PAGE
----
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Johnston: What I’m hearing about Barkov’s readiness for Game 3, and why Draisaitl isn’t suspended

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EDMONTON — All signs point to Aleksander Barkov being healthy enough to return for Game 3 of the Stanley Cup Final, with all the stars of that star-studded series still in play as the venue moves to Rogers Place.

The Florida Panthers captain missed the final 9:28 of Monday’s game after taking a hard hit from Leon Draisaitl along the boards. Barkov initially tried to get up off the ice, before falling again, which raised alarm bells about his potential availability moving forward with the Panthers just two wins away from winning their first Stanley Cup championship.

However, Barkov avoided breaking his jaw while playing, according to a league source, and skated without any additional facial protection at the Panthers’ practice facility Wednesday morning before the team eventually traveled north to Edmonton.

Florida coach Paul Morris was noticeably more cheerful when talking to reporters about Barkov than he was after his team’s 4-1 win in Game 2.

“It’s the driver of my mood, isn’t it?” Morris said. “Yes, I’ve been through that—maybe fear is the right word. No one wants to lose their leader. And you don’t know if you’ve lost them for a while.”

“Then you find out that maybe you didn’t have it, you’re in a much better mood.”

There was at least the possibility that Edmonton could have lost Draisaitl to suspension for his role in the incident, although the NHL’s Department of Player Safety ultimately ruled that he did not rise to that level.

According to sources familiar with the decision-making process, GSA did not like Draisaitl’s right forearm being visible while handing the check or leaving his feet in the process. But they also did not view it as a “chicken wing” type strike in which the player fully extends his arm and elbow with the clear intention of grabbing the opponent’s head.

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It is in Draisaitl’s favor that he has no prior suspension history and also that this is the Stanley Cup Final.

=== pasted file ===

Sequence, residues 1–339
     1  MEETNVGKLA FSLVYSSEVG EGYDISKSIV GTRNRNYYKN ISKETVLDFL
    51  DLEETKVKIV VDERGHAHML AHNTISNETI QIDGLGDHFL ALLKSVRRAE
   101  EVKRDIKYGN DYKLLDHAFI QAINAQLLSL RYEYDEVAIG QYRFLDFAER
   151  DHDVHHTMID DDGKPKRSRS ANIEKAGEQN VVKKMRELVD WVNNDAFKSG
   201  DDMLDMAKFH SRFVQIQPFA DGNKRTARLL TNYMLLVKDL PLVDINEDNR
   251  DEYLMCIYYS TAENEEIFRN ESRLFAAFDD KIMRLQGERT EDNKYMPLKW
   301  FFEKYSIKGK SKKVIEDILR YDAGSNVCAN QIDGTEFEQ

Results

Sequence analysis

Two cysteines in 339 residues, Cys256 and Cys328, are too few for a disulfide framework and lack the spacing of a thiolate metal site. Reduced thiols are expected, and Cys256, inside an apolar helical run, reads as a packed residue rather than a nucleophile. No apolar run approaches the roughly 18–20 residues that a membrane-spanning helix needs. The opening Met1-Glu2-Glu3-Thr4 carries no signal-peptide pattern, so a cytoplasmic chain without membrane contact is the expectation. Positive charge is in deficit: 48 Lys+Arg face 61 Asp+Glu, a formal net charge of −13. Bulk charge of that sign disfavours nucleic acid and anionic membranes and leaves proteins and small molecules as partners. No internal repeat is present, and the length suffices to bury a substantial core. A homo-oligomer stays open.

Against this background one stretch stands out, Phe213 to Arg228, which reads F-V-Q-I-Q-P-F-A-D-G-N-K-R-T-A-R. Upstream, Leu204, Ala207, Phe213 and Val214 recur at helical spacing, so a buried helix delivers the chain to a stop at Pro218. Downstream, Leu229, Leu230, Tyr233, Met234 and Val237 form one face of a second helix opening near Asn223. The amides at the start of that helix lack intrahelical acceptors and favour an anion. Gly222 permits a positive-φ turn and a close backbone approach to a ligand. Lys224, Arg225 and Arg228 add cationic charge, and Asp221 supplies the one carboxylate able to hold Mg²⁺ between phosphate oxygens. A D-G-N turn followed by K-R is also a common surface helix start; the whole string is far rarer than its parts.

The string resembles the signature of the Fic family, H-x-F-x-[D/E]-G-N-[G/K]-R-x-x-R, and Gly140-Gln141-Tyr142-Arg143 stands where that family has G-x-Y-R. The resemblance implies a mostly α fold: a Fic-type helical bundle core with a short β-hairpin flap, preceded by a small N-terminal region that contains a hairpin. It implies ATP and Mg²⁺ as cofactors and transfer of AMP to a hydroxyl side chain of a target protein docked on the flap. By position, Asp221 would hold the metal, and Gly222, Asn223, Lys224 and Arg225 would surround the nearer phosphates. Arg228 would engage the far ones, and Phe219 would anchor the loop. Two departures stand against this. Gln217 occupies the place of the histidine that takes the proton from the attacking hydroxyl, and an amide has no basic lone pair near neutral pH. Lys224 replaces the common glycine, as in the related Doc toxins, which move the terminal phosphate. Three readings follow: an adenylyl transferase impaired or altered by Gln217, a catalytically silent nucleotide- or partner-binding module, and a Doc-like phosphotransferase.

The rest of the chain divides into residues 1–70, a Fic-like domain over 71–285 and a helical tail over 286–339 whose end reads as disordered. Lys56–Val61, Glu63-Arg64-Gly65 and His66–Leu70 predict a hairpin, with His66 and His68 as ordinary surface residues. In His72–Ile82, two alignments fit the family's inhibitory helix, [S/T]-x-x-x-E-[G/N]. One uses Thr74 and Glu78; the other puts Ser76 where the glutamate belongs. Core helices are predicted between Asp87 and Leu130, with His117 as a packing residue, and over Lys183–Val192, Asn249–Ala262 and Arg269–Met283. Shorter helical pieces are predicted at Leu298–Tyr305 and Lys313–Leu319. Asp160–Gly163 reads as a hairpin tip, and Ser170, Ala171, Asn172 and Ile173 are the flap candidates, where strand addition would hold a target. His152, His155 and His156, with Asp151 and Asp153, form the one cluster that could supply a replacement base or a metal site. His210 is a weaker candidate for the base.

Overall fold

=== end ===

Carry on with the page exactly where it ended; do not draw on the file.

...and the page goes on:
The matches are worth a lot more now than when the verdict is made in November or even in the first round. During the playoffs, in particular, the health of a player on the wrong end of a questionable incident is also taken into account because there is obviously more incentive to take liberties against an opponent over the course of a best-of-seven regular season.

Reviewing the Draisaitl-Barkov incident from every available angle, DoPS members also felt that there were more violent hits delivered in the series that received far less attention from the media or fans because they did not involve two of the best players in the series.

Historically, suspensions during the Stanley Cup Final are extremely rare.

When Vancouver Canucks defenseman Aaron Roma was suspended for the final four games of the 2011 series against the Boston Bruins for a late hit on Nathan Horton, a large part of the rationale for that decision was that it was immediately clear that Horton would not be eligible to return either, according to a source. In the league.

The Panthers won’t make a final decision on Barkov’s official status for Game 3 until after Thursday’s morning skate at Rogers Place. But it’s clear they expect him to play.

“Obviously it’s good that he’s feeling better, and yeah, (I’m) just looking forward to seeing him play in the next game,” teammate Eto Lustarianen said.

While the temperature in the series rose dramatically from Game 1 to Game 2, the Panthers focused on trying to hide their emotions as they entered a hostile environment with a championship in hand.

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“I think we just have to stay out of it,” Lustarianen said. “Just do what we have and then let them try to do stupid things like that. Yeah, just be disciplined.”

Meanwhile, the Oilers are trying to harness the energy of their caucus to get back into the series.

Edmonton coach Kris Knoblauch also told reporters on Wednesday that he hopes to use the final line change to create more favorable matchups than in games at Amerantbank Arena — which will presumably include taking some of his best players away from Barkov and the Panthers’ defenders. Gustav Forsling.

Inside the Oilers’ locker room, they didn’t seem to expect the level of physicality to drop.

“Overall, I think it’s about where I expected it to be,” defenseman Mattias Ekholm said. “Nothing crazy. Obviously we know this is something they thrive at and love doing. A lot of that physicality. At the same time, I feel like every time they cross the goal line, the referees step in and give a penalty.

“And that’s what we expect, too.”

(Top photo by Alexander Barkov: Jim Rasool/USA Today)

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